I had a chaotic holiday season, but it was pretty good. Got some nice gifts – a book on animation called The Animator’s Survival Kit (Considered THE textbook on animating!), the second two volumes of Love and Capes (A superhero romantic comedy webcomic), and some great video games (including Shantae and the Pirate’s Curse and Shovel Knight, as well as some emulated games. I’m getting re-acquainted with Super Mario RPG!). Also, my family upheld our annual tradition of helping out at a luncheon for the homeless. My sister did crafts with the children there while I drew cartoon and video game characters by request. The kids loved it, and it feels good giving them a merry Christmas.

By the way, as far as my own religious beliefs, I’m Quaker, unofficially. I went to a Quaker-based high school with an international community, and my family and I loved the Quaker principals of respect and service that the school was founded on, and unofficially converted after our old church had broken up over disputes. Despite the school’s campus consisting of students from many countries, religions, and walks of life, there was still a sense of spiritual unity. Twice a week, they held Meeting for Worship – half the campus would come in on Tuesday, the other half on Thursday. During Meeting, everyone sat in total silence, being permitted to pray to whomever or whatever they believed in, or to simply sit in quiet contemplation if they did not pray to anyone. Every so often, someone who was “moved by the spirit” might choose to stand up and publicly share something they were contemplating. It was really great; it was a means of woship/meditation that was compatible with every religion in attendance. Quakers are kinda the tofu of religion – we go with everything. :-)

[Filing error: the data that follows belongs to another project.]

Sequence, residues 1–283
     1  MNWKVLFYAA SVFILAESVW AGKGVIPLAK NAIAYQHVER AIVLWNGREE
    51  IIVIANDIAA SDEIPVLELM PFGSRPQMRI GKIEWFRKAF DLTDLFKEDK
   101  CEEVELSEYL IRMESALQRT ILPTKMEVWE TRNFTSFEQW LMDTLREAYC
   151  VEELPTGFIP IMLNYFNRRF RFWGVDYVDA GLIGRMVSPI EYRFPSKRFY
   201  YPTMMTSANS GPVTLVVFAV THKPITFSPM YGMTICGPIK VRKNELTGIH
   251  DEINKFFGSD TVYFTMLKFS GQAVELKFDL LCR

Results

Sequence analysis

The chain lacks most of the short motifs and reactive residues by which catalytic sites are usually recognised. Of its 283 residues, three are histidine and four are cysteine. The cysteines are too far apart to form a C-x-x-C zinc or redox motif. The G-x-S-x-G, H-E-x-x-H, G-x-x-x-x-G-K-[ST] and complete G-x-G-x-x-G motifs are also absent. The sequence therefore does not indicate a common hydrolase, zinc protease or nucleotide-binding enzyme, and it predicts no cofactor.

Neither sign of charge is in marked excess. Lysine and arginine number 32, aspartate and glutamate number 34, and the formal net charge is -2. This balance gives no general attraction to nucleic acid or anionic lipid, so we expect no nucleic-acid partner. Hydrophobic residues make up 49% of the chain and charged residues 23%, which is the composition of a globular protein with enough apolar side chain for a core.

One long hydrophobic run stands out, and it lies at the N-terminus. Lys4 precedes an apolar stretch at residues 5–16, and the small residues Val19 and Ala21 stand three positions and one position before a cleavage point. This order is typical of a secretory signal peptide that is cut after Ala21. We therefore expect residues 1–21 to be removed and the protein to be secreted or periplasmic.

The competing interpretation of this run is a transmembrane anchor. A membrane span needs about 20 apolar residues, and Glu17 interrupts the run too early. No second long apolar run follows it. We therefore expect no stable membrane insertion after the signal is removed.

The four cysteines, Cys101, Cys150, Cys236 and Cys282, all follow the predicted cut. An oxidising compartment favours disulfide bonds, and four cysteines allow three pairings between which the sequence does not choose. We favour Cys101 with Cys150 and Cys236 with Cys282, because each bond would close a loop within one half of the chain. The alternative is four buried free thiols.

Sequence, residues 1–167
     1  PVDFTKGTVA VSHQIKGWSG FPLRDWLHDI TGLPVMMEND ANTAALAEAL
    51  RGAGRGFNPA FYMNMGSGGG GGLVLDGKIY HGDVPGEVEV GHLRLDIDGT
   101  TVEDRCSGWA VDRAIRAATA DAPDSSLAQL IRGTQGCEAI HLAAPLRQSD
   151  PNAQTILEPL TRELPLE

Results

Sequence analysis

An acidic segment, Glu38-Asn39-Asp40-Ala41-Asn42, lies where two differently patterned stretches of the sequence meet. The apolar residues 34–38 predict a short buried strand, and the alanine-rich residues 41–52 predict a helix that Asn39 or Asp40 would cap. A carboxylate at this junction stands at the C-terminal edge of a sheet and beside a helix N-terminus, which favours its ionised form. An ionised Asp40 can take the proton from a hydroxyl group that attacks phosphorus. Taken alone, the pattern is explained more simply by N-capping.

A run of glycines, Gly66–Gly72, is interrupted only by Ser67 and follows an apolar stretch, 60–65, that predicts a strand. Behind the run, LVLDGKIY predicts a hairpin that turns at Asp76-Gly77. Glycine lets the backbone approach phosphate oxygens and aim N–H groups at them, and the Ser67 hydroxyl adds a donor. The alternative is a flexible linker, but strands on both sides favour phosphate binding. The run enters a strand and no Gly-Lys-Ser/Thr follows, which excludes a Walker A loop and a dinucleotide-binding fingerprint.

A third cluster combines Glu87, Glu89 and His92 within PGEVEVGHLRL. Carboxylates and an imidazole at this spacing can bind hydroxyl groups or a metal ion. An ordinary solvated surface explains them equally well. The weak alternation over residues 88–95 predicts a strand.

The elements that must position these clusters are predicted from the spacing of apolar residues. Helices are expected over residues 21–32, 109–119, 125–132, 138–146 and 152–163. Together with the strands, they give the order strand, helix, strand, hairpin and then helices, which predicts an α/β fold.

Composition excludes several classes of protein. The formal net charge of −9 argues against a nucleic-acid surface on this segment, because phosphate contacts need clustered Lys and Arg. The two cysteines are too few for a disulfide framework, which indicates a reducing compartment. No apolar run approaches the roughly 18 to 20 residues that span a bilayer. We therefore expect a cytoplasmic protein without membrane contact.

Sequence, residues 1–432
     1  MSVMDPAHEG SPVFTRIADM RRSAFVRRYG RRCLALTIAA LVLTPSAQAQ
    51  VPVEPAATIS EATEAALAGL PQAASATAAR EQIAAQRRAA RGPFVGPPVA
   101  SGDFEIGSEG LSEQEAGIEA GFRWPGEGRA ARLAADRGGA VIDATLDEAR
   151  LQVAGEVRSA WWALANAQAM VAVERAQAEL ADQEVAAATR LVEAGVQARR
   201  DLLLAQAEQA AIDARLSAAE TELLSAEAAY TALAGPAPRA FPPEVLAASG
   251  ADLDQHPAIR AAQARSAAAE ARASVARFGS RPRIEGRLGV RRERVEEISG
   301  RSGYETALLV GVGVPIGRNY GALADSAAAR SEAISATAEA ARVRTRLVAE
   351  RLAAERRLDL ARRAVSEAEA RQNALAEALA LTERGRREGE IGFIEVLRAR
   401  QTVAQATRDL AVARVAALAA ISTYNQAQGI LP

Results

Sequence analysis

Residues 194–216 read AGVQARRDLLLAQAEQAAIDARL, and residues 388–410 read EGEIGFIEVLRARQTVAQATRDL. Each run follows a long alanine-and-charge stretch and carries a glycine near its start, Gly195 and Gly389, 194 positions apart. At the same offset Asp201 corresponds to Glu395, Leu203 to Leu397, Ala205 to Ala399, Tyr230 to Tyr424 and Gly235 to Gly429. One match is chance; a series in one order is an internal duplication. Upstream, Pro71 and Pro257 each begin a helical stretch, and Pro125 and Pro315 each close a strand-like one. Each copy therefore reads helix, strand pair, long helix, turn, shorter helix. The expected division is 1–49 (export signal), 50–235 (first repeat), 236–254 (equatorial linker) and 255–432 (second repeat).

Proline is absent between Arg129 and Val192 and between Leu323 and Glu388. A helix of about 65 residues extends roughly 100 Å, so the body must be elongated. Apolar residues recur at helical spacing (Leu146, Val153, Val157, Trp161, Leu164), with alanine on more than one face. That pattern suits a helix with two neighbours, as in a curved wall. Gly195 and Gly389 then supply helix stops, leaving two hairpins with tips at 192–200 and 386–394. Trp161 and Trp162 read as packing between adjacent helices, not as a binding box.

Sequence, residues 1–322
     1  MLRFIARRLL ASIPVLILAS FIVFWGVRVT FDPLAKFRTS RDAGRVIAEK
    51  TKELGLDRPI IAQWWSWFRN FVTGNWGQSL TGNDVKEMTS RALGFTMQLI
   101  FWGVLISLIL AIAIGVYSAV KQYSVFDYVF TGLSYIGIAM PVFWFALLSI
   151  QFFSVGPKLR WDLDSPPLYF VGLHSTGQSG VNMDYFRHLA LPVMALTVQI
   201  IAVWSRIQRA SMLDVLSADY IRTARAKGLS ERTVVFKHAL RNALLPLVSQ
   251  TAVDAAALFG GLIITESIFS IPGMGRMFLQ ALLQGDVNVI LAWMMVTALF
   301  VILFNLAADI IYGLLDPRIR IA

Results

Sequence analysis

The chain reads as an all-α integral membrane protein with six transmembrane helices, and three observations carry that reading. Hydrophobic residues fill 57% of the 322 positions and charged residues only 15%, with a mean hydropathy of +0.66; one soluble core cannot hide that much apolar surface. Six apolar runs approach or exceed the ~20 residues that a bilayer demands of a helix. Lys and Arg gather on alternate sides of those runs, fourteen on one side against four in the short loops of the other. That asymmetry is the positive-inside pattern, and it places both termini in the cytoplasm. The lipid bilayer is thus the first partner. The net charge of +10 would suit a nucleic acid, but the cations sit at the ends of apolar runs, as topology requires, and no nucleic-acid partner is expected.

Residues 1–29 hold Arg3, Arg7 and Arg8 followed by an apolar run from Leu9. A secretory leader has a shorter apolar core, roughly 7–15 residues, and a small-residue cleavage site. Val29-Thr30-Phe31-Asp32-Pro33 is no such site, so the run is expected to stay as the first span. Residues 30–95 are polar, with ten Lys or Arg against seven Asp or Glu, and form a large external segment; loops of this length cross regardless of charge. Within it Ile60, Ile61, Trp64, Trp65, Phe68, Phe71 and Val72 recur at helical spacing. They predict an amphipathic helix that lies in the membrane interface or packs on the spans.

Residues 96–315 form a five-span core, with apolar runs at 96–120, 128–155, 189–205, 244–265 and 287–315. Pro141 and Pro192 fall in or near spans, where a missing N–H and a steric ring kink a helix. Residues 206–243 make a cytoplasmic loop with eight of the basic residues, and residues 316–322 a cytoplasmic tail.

My Mom was raised Methodist and Dad, Lutheran. For whatever reason they had joined the Unitarian Church in a liberal University community when I started going to church. I think I believed in Santa Claus and the Easter Bunny about as long as I believed in more divine beings — that is to say, by seven I was an agnostic and an atheist by nine.

I’m out sick today with the Cold from HELL (opening this Friday nowhere near you) and my brain is disconcertingly addled. Well, more than usual. Anyway, the holidays weren’t bad — I didn’t have to cook — but I blew off two of the work holiday parties. I just wasn’t feeling it this year.

Ok, I am missing the obvious – why is this called “Jay?”

Thomas goes by his middle name. His first name is Jay.

Alright, why does that mean he lives up to his name then?